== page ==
I Guess God Just Called His Number

In his 2004 Patience album, George Michael lyrically posed the question ‘If Jesus Christ is alive and well, how come John and Elvis are dead?’. I should imagine that a lot of it is down to genetics. Presley’s father was a manual labourer with a congenital heart condition, whereas Jesus’ father, famously, is God. There are also lifestyle choices to consider: Elvis and John Lennon had significant issues with drugs, and for many years ate badly, drank heavily, and generally made poor lifestyle choices. Jesus, by contrast, enjoyed a seasonal and organic diet, drank in moderation and despite holding down two jobs – carpenter and son of God – was able to do so while fitting in exercise and plenty of fresh air.

I discussed this with my old dear as we pondered the recent death of her cat, who had been ailing for some time. Towards the end of his life, my old dear, who is not a trained veterinary professional, described him as ‘looking a bit vague, like he was trying to remember his national insurance number, but couldn’t’. It would be heavy handed to have him humanely destroyed for this alone, but he had been poorly for some time; the decision was made, and thus Tuppence was ushered among the countless cushions of Cat Heaven. Coincidentally, two other cats on my old dear’s street have been put down this year, prompting me to remark that ‘it’s like 2016 again’ – a year which, as you may recall, was regarded quaintly at the time as a bit of a nightmare due to a mysterious curse that saw several elderly celebrities die after decades of massive and prolonged drug use for no apparent reason whatsoever. My old dear agreed that yes it is, it really is, despite not knowing what I was talking about. Among the fallen of 2016 was, of course, Georgios Kyriacos Panayiotou, known to the world as George Michael out of Wham!.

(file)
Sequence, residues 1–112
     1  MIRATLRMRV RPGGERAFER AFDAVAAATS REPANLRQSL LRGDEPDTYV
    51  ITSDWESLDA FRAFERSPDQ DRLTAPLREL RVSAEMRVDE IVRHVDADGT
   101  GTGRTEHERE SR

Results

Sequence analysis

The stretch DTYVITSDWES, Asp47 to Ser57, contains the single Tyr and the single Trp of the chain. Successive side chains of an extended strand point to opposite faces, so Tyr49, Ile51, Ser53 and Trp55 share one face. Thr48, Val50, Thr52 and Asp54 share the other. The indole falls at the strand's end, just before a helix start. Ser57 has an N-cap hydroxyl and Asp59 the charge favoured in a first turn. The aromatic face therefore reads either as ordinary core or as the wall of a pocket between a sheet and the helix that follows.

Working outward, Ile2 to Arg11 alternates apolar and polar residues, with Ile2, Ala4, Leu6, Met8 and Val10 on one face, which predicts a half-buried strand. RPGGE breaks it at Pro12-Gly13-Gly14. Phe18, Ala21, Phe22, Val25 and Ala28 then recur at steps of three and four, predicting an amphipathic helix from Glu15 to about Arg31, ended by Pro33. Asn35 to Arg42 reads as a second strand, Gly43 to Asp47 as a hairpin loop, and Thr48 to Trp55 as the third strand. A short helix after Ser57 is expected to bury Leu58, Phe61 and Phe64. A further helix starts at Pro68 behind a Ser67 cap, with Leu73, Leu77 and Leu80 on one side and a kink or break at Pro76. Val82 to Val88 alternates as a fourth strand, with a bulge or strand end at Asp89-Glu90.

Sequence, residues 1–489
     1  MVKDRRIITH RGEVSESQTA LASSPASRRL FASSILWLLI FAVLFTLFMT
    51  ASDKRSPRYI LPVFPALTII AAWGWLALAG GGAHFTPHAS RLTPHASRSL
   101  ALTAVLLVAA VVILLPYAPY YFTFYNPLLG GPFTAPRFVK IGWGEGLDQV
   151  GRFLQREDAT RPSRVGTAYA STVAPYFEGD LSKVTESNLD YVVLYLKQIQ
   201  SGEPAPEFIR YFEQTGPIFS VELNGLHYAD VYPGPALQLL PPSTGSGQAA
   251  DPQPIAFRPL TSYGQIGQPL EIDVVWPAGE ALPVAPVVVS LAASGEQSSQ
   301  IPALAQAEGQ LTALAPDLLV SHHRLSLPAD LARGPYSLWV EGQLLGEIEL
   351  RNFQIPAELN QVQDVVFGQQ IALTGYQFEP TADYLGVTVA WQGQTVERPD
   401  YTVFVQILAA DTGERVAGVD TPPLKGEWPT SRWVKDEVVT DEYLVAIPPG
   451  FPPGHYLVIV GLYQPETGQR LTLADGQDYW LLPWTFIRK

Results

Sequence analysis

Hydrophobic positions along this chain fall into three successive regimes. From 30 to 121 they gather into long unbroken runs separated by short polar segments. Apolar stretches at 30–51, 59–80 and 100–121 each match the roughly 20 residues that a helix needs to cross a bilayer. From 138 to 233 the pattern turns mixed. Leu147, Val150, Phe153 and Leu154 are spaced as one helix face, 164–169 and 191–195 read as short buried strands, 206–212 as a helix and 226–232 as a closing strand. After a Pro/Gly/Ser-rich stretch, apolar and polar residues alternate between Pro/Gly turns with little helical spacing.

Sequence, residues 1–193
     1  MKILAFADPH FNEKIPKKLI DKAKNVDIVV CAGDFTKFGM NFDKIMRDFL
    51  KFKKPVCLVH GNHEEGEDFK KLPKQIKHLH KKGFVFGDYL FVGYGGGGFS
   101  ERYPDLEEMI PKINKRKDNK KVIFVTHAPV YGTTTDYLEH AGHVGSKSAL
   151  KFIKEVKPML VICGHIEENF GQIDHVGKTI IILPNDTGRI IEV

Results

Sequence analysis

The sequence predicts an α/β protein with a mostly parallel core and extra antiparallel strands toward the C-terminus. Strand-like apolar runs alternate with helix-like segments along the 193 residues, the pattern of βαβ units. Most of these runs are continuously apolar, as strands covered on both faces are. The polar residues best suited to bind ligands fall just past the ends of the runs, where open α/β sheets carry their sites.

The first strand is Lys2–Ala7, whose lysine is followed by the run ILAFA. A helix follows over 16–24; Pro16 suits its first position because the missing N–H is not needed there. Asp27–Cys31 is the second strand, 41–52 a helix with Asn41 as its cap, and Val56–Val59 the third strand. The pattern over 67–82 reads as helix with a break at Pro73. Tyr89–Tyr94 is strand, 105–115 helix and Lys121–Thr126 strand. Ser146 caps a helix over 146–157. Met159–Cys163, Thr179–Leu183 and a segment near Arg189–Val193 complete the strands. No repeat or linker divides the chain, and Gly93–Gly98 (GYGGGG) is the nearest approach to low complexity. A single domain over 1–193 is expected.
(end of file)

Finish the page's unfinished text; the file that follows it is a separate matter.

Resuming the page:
Wham! came to my attention one distant childhood afternoon at West Ham, when Wake Me Up Before You Go-Go was played over the tannoy prior to a game against Arsenal. The opening jitterbug refrain coincided with the exact moment a group of Arsenal fans invaded the Chicken Run, an area of Upton Park which had, to say the least of it, little to do with the animated film of the same name. Arsenal, who could put out good numbers back then, were giving a decent account of themselves, and I watched on with interest. As the song continued, I found the reference to the sun shining brighter than Doris Day an interesting contrast to the unfolding melee, which consisted of people in golfing jumpers, as was the terrace fashion of the time, beating the absolute shit out of each other. The line come on baby, let’s not fight also tickled me because, by this point, everyone was fighting. The stewards and programme vendors had waded in, and even the disabled did their bit by hurling coins into the fray from the wheelchair section opposite. It was the most exciting thing I had ever seen, a view shared by the many kids from my school who were there, and was pretty much all everyone talked about for days, especially as Everton were visiting the following week, and they were blade merchants. I’m sure eight year olds in all those down-to-earth, honest-to-goodness, working class Labour boroughs have exactly the same sensibilities now.